Abstracts and letters may be submitted by email to: papers@concretepavements.org.   For those wishing to send ISCP-ICCP2016-logo-thprintable Call for Papers form, the documents may be sent to Tom Burnham,1400 Gervais Avenue, Maplewood, Minn. 55109.  

Exhibitors interested in receiving an exhibition registration package are encouraged to complete a Call for Papers form indicating their preferences.

 

Parisi Construction Becomes first Wisconsin Contractor to Invest in Stringless Paving Equipment

ParisiThe concrete industry, Wisconsin Department of Transportation, and the cities across Wisconsin have been watching and wondering which construction company would be the first in the state to use 3-D/stringless or automated machine control in a slipform placement process.

“We all imagined that it was going to be a stringless slipform paver, but we forget that this technology can be utilized in many different  parts of our construction industry,” said Kevin McMullen, P.E., President of the Wisconsin Concrete Pavement Association.  

Parisi Construction Co., Inc.* of Verona, Wisc., is the first contractor in Wisconsin to invest in the equipment that allows placement of concrete curb and gutter, sidewalk, and barrier.  Parisi’s new GOMACO* GT3600 equipped with Global Postioning System (GPS) and laser vertical control augmentation debuted on Tuesday, April 28, on a subdivision project on Madison’s southwest side.

According to Jeff Parisi, President and Owner of Parisi Construction, they were due for replacement of their curb and gutter machine, and as the staff were working on the order with Gomaco, they came to him and asked if they could add this equipment.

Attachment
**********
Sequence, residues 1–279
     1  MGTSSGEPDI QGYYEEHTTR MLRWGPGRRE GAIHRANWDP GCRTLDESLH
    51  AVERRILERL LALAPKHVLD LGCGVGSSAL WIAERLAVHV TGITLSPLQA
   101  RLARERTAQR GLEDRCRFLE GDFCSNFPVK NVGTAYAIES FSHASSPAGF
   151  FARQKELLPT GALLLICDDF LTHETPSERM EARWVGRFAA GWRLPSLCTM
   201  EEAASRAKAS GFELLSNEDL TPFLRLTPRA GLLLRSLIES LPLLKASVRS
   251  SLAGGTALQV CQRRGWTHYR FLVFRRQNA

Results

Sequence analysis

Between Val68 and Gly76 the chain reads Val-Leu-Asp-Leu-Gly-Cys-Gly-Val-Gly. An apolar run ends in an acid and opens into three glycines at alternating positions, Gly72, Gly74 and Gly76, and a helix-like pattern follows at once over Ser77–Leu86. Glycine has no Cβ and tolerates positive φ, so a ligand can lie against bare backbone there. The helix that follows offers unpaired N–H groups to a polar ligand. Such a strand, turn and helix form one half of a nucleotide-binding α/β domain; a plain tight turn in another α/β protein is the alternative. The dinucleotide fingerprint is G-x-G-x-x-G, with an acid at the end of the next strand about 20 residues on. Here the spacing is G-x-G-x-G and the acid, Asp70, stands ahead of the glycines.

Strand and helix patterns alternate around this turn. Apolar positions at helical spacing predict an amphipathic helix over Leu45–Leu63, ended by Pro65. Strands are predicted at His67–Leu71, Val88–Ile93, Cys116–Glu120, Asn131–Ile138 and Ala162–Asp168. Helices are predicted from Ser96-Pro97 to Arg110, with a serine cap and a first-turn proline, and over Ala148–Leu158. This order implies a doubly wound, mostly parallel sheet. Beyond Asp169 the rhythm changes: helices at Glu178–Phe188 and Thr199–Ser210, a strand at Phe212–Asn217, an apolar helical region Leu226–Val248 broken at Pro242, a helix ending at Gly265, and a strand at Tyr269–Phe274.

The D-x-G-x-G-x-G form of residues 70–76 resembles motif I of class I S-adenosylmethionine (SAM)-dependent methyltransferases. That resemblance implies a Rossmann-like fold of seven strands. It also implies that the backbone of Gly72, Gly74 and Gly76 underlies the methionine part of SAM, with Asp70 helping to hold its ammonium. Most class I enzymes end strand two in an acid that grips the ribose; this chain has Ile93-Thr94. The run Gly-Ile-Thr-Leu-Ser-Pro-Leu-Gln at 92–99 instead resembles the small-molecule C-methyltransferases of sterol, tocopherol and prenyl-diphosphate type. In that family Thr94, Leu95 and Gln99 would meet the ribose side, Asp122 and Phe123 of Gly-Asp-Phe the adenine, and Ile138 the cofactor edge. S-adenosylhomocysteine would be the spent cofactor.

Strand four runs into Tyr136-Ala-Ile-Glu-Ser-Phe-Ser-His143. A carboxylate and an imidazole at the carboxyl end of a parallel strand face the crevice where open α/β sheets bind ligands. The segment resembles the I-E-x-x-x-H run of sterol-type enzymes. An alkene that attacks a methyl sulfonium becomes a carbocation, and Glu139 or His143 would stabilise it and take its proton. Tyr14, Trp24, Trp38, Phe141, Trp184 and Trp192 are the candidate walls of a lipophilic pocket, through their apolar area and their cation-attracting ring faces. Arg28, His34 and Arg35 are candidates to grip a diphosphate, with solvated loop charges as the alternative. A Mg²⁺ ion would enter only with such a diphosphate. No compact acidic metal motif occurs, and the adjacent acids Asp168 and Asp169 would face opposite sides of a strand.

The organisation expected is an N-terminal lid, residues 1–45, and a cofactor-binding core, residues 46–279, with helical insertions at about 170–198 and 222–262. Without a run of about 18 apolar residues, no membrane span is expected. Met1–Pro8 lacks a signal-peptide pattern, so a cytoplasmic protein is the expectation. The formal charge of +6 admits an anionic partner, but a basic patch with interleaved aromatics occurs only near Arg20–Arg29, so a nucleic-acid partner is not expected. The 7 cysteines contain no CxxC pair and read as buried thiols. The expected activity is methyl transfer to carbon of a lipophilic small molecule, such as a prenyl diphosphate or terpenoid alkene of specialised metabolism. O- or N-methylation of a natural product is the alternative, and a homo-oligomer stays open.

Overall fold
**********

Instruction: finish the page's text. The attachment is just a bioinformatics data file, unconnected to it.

They were convinced that with the subdivision work and the site development projects they have to build in 2015 there would be immediate payback by going stringless, McMullen said, adding that Parisi staff put a lot of work into this.

For every project, they assure that the proper survey control is in place, develop the surface model for guidance of the machine, prepare the grade and perform the quality assurance of tolerances to line and grade. The benefits of this technology and equipment include the time and cost savings of survey staking and setting paving pins and string line, the additional mobility and freedom of movement without the stringlines present and the ability  to do tight radiuses and curves in any roadway, parking lot, or island design.

The equipment includes GPS base station and three lasers.  GPS antennas on the GT3600 are used to track the machines movement and calculate its position and heading. The lasers augment the GPS and provide the required vercal accuracy. In addition, a GPS rover is used to check alignment and grade.

On this particular project in Madison, the Parisi staff accommodated the request of the city engineering staff to put up a short run of traditional stringline so that they had a perspective on the accuracy of placement. In that area, the rover showed that they were within 1/100th a foot of  the proposed line and grade. By the time they hit the end of the stringline, everyone was comfortable in proceeding with stringless technology.

 

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* Denotes ACPA member company.